Class and Object in Java with Programs and Examples

Class and objects

Why do we need a class in Java?

Java is an object-oriented programming language and represents data in the form of Objects. So in order to create an object, we required a class.

What is a class?

A class is user-defined data type in Java & is a Structure representing data and logic.
                         (or)
A class is a specification or blueprint or template of an object. A class defines the structure, state and behavior mean data & code that can be shared by a set of objects.
The data defined by the class are referred to as member variables or instance variables or attributes.

Syntax to declare a class:

Class<class name>
{
Type instance variable 1;
Type instance variable 2;
…..……………………………….
 Type instance variable N;

Type  methodname1(parameter list)
{
 //body of method//
 }
Type methodname2(parameter list)
 {
    //body of method//
  }
……………………………………
Type methodnameN(parameter list)
 {
    //body of method//
  }
}

Declaring a variable: In Java, all variables must be declared they can be used. 
Variable declaration is shown below:
Type identifier [ = value], identifier [ = value], ………;

Example:

int a, b, c;       // declares three integers a, b, c;
int i = 1, j = 2, k;   //declares three more integers & initializing i & j;

Class Example:
Class A
{
int i,j;
 Void funA()
{
System.out.println(“FunA() of class A”);
}
}

Understanding above program
1) Where “A” is name of the class.
2) “i& j” are instance variables.
3) “funA()” is the name of the method (or) function.

Q) What is Next?
a) Object.

Why do we need an Object?
In order to load the members of the class(means instance variables, methods) from the byte code to the Ram in the form of executable format and make them available to the program which is under execution. Without using the concept of an object, we can’t load the members of the class from the byte code to the RAM at the runtime.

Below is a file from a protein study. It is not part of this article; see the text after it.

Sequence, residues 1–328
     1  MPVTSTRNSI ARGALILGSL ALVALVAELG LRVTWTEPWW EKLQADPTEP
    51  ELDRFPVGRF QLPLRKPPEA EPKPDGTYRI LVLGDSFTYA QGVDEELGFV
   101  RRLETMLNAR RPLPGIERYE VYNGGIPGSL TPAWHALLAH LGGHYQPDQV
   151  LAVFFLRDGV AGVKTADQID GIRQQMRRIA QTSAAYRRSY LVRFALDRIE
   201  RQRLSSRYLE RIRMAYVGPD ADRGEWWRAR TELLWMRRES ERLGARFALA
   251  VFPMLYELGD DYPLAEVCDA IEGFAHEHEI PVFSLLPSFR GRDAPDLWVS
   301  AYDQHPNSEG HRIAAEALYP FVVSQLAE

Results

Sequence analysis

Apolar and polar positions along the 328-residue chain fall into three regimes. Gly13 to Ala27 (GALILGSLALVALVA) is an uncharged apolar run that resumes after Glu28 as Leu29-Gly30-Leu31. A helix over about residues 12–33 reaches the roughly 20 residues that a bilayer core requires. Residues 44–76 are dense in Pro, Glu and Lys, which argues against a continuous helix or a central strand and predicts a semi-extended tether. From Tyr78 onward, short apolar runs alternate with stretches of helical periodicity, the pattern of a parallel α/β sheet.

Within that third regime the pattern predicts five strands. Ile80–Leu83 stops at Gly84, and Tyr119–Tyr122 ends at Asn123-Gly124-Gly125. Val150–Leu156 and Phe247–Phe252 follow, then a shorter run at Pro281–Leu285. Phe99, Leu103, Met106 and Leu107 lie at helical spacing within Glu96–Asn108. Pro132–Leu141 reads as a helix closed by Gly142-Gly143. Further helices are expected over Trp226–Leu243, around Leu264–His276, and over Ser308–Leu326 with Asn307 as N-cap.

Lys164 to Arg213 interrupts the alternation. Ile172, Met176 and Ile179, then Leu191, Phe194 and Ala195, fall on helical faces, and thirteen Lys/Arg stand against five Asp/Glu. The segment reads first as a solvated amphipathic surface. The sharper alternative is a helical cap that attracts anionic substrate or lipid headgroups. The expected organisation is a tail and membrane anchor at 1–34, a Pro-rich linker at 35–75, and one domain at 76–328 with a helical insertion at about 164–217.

What is an object?
An object is an instance of a class. The memory space which is allocated for the members of a class, dynamically at the runtime can be called as an object. 


What is an Instance?

Any dynamic memory allocation can be called as an Instance. That is memory space allocated for anything during runtime can be called as an Instance.

Syntax to declare Object:

<Class Name>   ClassObjectReference = new <Class Name>();

Object Example for Above program


A a1 = new A();


Ways to create Object: There are various ways to create an Object. The most commonly used and the simple  and easiest way to create Object is using New keyword;

Example:

class Objectexample
{
 public static void main(String[] args)
 {
  Objectexample e = new Objectexample();
  System.out.println("Example of  Object using th new keyword");
  System.out.println("E="+e);
 }
}

Output:
Example of  Object using the new keyword
E = Objectexample@42e922

Types of Objects In Java:
In Java, we have two types of objects base on the referenced variables. They are:
     1)    Referenced (or) Reachable Object.
     2)    In-referenced (or) Un-reachable Object.